Fear of Recovery

June 8, 2008 at 10:00 am 4 comments

Why was I afraid/not willing to recover for such a long time? Okay, the anorexic didn’t want to get fat. Neither did the bulimic. But that wasn’t really what was at stake. There were some fears that people wouldn’t care about me anymore if I grew to be strong and healthy, but that wasn’t the main factor which prolonged the disease.

No, the big issue was that I was terrified of believing in myself and life, because I didn’t want to risk having the rug pulled out from under my feet yet again. I didn’t want to risk betrayal, or the feeling that I’d been fooled to believe in life — only to find out it was all a hoax.

My hope and promise had withered away, been eroded by the constant pattering of drops of fears rather than tears, beating away at my shell, reaching my inner being at the very core to wreck utter havoc. Those injuries were so deep that they to this day continue to rise to the surface, unveiling themselves one by one, requiring reconciliation and healing.

I’m avoiding specifics, as each of us has her cross to bear, her unique history and factors which brought her to where she is now, with whatever challenges and problems she has. It takes courage to face these difficulties, and to dare to recover and allow that vulnerability to resurface. True, it entails the risk of those hurts being repeated, but it also holds the key to the fulfilling destiny to which each of us is entitled. In the process of recovery, sometimes we just need to sit tight and wait for crazy feelings to pass. Sometimes we need to cry. Other times we need someone to hold our hand and repeat like a mantra: “It’s going to be okay. You are okay. I know you can do it.” Or maybe a hand isn’t enough, maybe we need some hugs as well.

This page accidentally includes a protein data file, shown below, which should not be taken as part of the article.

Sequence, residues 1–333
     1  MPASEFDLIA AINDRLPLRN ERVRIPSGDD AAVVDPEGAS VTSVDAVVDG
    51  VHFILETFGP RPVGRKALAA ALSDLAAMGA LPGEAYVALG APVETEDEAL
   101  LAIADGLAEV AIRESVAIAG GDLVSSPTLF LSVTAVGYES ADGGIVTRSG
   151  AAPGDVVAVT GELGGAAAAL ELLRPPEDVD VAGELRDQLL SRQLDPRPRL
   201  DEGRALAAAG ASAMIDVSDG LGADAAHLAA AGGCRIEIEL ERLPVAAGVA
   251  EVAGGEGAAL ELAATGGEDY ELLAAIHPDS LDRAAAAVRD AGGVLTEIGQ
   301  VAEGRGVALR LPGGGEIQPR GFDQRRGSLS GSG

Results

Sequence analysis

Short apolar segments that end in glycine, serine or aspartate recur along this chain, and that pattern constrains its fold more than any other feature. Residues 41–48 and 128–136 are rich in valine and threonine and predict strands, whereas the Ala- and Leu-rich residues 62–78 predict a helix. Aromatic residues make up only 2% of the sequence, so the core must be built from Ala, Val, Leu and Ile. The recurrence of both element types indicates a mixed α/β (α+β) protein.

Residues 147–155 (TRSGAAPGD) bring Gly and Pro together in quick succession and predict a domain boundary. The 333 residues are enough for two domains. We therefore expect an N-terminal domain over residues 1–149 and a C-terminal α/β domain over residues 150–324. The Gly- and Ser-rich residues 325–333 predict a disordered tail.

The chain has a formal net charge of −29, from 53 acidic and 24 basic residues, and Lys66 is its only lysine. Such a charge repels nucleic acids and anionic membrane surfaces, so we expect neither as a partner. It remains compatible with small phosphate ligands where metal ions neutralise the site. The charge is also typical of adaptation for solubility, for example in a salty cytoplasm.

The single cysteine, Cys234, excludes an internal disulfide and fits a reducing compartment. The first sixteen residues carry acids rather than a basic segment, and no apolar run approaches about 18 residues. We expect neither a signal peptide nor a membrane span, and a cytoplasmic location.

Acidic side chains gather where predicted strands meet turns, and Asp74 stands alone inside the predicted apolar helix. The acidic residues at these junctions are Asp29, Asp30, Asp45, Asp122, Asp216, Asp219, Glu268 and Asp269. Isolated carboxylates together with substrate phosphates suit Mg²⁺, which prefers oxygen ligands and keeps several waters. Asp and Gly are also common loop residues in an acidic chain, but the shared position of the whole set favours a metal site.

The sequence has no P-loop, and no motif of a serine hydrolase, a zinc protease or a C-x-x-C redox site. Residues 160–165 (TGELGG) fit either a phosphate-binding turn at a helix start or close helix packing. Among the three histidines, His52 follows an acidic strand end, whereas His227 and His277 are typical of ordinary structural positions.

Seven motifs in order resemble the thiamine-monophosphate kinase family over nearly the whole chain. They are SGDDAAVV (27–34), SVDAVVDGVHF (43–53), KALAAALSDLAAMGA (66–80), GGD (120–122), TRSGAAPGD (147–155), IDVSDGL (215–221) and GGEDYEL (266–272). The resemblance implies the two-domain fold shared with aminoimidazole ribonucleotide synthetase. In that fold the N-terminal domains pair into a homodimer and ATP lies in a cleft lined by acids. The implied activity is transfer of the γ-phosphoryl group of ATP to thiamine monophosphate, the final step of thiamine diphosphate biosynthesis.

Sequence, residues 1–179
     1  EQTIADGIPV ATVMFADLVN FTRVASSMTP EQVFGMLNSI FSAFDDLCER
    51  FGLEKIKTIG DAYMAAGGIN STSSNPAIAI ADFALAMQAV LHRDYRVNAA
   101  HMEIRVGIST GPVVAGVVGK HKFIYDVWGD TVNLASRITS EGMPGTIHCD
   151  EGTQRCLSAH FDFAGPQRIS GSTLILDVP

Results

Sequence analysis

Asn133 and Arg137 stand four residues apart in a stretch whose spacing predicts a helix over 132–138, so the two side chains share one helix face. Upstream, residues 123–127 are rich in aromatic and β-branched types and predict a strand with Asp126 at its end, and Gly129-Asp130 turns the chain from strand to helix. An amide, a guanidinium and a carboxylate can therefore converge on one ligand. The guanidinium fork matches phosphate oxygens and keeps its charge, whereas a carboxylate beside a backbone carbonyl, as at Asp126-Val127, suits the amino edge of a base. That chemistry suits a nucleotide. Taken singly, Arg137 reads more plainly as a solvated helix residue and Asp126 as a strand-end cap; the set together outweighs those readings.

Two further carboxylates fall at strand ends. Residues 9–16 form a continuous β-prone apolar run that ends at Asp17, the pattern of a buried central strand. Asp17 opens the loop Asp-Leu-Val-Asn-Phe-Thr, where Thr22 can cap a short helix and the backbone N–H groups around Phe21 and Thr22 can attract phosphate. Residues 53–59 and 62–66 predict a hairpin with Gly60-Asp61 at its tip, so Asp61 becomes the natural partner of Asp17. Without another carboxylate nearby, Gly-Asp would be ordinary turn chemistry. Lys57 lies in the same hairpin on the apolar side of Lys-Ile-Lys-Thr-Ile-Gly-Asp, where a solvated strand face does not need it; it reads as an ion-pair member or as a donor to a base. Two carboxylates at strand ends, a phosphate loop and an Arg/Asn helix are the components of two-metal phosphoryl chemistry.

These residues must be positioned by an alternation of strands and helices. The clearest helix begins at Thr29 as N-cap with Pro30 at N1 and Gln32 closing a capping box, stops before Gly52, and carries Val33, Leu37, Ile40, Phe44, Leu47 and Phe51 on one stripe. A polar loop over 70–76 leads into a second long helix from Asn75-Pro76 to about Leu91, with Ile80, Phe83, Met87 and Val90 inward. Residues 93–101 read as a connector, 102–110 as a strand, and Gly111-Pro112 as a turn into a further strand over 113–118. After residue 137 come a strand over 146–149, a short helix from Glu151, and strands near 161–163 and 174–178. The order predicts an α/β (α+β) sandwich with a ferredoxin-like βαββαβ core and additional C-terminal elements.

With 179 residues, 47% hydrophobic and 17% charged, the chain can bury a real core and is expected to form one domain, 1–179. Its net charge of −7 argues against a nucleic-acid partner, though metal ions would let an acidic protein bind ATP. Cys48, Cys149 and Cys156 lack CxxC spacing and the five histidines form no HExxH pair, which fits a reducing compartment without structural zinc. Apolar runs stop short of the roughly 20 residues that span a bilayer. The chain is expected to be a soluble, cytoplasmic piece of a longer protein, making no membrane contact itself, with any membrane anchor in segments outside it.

For those of you in the process, I send comforting hugs and hands, and wish you the willingness to ask for these from those near you. Many people want to support you and encourage your recovery, but they don’t know how. Their well-meant advice falls on deaf ears, or we find a dozen reasons why it doesn’t pertain to us. But a non-verbal demonstration of support and affection can go a long way. I pray that you allow yourself these basic necessities, which we tend to consider luxuries.

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Entry filed under: About Recovery, Coping. Tags: , , , , , , , , , , , , .

Gifts of Recovery Putting off life until you have the right figure

4 Comments Add your own

  • 1. vive42  |  June 8, 2008 at 4:30 pm

    🙂 so glad to read this. exactly how i feel, afraid to let myself hope and just knowing if i start climing the fall back to earth will be so painful. better to hide underground.

    there’s a story in that. maybe i’ll write it this afternoon, after my lunch.

    thanks. again.

    Reply
  • 2. diaryofarecoveredbulimic  |  June 8, 2008 at 6:42 pm

    You’re so welcome. We go through so much and there is a reason that we got sick to begin with. It is quite a trek back. I look forward to your story! 🙂

    Reply
  • 3. Lola Snow  |  September 14, 2008 at 6:48 pm

    What a beautiful and insightful post!
    I love your blog, it’s filling me with hope.
    Lola x

    Reply
  • 4. diaryofarecoveredbulimic  |  September 14, 2008 at 7:23 pm

    Lola: Thanks so much! I’m really happy to hear that! Wish you all the best!

    Reply

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